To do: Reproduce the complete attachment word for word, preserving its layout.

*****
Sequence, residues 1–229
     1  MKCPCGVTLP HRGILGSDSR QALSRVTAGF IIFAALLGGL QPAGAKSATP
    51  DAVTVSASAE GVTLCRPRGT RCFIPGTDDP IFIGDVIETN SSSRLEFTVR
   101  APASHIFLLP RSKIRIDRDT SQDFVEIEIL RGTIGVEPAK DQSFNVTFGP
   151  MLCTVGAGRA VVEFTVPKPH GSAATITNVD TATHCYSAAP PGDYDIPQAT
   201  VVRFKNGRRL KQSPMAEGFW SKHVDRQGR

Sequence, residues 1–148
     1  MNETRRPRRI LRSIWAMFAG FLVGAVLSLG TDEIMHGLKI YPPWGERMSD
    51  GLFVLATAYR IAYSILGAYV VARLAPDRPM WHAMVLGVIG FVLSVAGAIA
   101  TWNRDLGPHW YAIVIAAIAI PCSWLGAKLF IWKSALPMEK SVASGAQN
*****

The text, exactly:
Sequence, residues 1–229
     1  MKCPCGVTLP HRGILGSDSR QALSRVTAGF IIFAALLGGL QPAGAKSATP
    51  DAVTVSASAE GVTLCRPRGT RCFIPGTDDP IFIGDVIETN SSSRLEFTVR
   101  APASHIFLLP RSKIRIDRDT SQDFVEIEIL RGTIGVEPAK DQSFNVTFGP
   151  MLCTVGAGRA VVEFTVPKPH GSAATITNVD TATHCYSAAP PGDYDIPQAT
   201  VVRFKNGRRL KQSPMAEGFW SKHVDRQGR

Sequence, residues 1–148
     1  MNETRRPRRI LRSIWAMFAG FLVGAVLSLG TDEIMHGLKI YPPWGERMSD
    51  GLFVLATAYR IAYSILGAYV VARLAPDRPM WHAMVLGVIG FVLSVAGAIA
   101  TWNRDLGPHW YAIVIAAIAI PCSWLGAKLF IWKSALPMEK SVASGAQN